30 May 2007

Planning Ahead

This is a very humourous YouTube video of a lad who recognises a missing element in his life, knows what is needed and puts the plan into action.


Soccer Kid

Hat Tip: Vox Popoli

28 May 2007

A Quixotic Adventure - every day

I have just finished listening to "Don Quixote" by Miguel de Cervantes Saavedra. The audio book is over 36 hours and is very funny. It was written in the early 1600's and the author mentions that he was involved in the Battle of Lepanto.
The basic book is a satire, attacking all the books of knights and chivalry which were currently the rage. Don Quixote has gone mad, believing that the tales of knights are true and decides he, too, will be a knight errant. With his trusty squire, Sancho Panza, they go out seeking adventures which rarely end up as envisaged by Don Quixote.
The humour from over 400 years ago still comes through today. The translation is impressive. I suspect that the translator has replaced Spanish proverbs with similar English ones as they all seem to rhyme, which I would have thought would be difficult if this was a straight translation.
After listening to the story on my long drives home, upon my return I would glide next to Lana's chair, bend down on one knee and pronounce:

"Lana, my love. I have returned from my sally forth into the wilderness beyond our lands. I have fought corrupt data, wrestled with unbalanced ledgers and subdued unruly end users. I have brought order from chaos and run mighty reports. All this, I have done for you, my unparralleled beautiful Lana."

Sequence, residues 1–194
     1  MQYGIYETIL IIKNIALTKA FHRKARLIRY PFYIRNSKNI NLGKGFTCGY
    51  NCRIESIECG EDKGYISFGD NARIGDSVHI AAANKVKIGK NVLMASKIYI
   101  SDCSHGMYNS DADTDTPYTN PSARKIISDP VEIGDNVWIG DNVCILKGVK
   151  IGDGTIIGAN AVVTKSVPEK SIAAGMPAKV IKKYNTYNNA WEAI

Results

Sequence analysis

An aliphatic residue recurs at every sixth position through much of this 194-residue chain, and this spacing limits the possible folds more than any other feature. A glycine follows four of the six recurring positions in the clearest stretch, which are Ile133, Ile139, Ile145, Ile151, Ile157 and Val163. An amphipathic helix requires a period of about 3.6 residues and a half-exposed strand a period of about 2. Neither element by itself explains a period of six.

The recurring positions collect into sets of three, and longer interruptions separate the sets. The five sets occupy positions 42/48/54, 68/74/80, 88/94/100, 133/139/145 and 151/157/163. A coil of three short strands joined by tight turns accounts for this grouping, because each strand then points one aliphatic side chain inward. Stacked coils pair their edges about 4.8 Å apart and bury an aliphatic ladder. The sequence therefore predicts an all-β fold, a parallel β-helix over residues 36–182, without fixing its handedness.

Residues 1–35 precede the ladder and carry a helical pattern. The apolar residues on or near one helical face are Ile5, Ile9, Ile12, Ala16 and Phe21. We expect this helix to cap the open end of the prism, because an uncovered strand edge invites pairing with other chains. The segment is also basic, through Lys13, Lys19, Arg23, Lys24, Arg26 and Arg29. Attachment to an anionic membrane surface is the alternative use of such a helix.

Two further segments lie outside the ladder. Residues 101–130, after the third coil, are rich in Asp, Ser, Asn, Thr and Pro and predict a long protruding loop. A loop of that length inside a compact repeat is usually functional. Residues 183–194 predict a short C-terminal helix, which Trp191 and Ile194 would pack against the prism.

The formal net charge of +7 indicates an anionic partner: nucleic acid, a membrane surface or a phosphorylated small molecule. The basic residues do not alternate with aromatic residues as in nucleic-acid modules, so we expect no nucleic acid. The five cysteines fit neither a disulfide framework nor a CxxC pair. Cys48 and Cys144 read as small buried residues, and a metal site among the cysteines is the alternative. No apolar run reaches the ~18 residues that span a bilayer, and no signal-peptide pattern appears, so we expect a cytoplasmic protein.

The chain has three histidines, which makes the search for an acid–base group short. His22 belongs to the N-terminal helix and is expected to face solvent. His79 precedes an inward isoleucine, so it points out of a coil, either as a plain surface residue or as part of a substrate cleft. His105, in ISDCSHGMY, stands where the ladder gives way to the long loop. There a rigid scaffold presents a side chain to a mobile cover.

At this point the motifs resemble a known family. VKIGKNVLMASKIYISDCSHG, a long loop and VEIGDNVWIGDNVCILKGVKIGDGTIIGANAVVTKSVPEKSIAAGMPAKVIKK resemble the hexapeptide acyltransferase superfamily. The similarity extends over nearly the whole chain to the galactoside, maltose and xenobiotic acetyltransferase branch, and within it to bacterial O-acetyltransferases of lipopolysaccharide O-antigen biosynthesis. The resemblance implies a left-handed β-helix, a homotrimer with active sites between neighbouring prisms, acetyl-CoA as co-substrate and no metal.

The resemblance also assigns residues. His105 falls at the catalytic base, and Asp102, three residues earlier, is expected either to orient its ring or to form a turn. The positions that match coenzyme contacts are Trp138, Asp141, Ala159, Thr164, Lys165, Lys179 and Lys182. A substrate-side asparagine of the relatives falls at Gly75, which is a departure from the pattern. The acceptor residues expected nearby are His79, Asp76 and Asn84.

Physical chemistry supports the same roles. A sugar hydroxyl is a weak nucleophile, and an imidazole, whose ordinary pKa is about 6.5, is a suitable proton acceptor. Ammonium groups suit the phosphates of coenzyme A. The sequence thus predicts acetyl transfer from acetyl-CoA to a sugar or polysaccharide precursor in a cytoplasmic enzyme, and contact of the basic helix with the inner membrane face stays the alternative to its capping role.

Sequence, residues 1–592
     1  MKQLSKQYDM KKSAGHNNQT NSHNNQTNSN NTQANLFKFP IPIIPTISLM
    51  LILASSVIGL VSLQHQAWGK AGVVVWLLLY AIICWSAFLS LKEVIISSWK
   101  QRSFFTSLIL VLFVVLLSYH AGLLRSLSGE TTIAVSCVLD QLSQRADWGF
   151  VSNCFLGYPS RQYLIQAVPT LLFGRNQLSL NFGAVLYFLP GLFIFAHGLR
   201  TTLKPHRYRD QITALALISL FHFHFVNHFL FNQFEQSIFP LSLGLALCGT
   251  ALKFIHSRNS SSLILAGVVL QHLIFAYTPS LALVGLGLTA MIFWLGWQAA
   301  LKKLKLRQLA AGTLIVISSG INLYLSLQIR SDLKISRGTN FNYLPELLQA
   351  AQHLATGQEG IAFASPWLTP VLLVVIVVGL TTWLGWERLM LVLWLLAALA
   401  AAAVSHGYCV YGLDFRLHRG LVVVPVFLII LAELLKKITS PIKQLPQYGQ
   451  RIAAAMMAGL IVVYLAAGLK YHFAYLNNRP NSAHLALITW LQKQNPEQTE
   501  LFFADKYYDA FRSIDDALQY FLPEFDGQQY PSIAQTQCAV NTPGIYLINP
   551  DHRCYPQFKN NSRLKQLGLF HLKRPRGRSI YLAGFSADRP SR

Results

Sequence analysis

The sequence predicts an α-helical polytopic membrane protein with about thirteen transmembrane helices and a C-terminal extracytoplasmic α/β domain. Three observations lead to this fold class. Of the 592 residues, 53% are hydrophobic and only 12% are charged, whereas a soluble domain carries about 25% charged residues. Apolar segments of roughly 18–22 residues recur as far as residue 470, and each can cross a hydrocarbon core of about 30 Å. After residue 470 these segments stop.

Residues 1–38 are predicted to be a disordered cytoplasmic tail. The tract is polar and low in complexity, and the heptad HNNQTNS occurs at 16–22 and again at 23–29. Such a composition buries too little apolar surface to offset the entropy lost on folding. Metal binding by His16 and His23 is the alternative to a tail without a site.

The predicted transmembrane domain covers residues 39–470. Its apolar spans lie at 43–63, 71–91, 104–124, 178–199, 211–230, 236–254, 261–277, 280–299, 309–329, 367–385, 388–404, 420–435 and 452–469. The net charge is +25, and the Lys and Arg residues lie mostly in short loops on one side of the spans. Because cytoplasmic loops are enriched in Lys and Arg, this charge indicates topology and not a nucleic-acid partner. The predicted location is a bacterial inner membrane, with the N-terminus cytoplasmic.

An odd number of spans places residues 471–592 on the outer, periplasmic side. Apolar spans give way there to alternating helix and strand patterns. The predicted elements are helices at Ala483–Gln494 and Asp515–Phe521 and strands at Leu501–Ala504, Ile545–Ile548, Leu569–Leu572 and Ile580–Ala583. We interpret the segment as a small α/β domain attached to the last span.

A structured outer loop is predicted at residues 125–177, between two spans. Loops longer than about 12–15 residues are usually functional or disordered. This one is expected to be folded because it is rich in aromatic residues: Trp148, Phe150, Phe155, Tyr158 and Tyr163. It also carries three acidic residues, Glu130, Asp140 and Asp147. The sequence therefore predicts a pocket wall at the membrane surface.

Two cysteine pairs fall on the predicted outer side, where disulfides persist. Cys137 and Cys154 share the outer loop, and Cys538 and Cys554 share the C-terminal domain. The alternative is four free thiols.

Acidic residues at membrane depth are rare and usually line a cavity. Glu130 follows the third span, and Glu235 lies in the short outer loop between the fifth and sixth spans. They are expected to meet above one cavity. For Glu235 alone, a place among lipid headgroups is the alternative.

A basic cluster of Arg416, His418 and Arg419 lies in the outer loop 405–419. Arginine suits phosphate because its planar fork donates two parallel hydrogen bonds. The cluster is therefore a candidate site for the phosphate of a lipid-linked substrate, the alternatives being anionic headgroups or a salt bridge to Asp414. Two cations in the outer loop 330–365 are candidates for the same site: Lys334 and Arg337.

To which I was rewarded with her enigmatic smile. For what greater reward could I ask?
Wikipedia has quite a detailed entry on Don Quixote for those interested in more information.

27 May 2007

Leading questions ..

Game Theorist is a very interesting blog concerned with the economic realities of raising children. Today he has a post regarding a conversation with his son, asking "What if ..."
I'm sure we have all experienced something similar.

21 May 2007

Martin is born again!

Jesus answered [Nicodemus]: Amen, amen, I say to thee, unless a man be born again of water and the Holy Ghost, he cannot enter into the kingdom of God.
(John 3:5)

So, as instructed, Martin was baptised yesterday with much feasting and rejoicing.
We timed the baptism so that my parents from Melbourne (over 800km/500miles away) were able to attend, and it was the regular monthly homeschoolers day, too. So that meant lots of children and family support.
Our biggest nervousness was with the godfather. He was late and luckily just made it in time.
The role of the godparents is to vouch for the infant and in addition to the parents promise to assist the child in living and learning the faith.
Martin did very well and calmly accepted all the ceremonies and at the last pouring of water upon his forehead, "I baptise you in the name of the Father [water] and of the Son [water] and of the Holy Spirit [water]" Martin gave a small cry. Father made the comment, "See, the Holy Spirit does work!"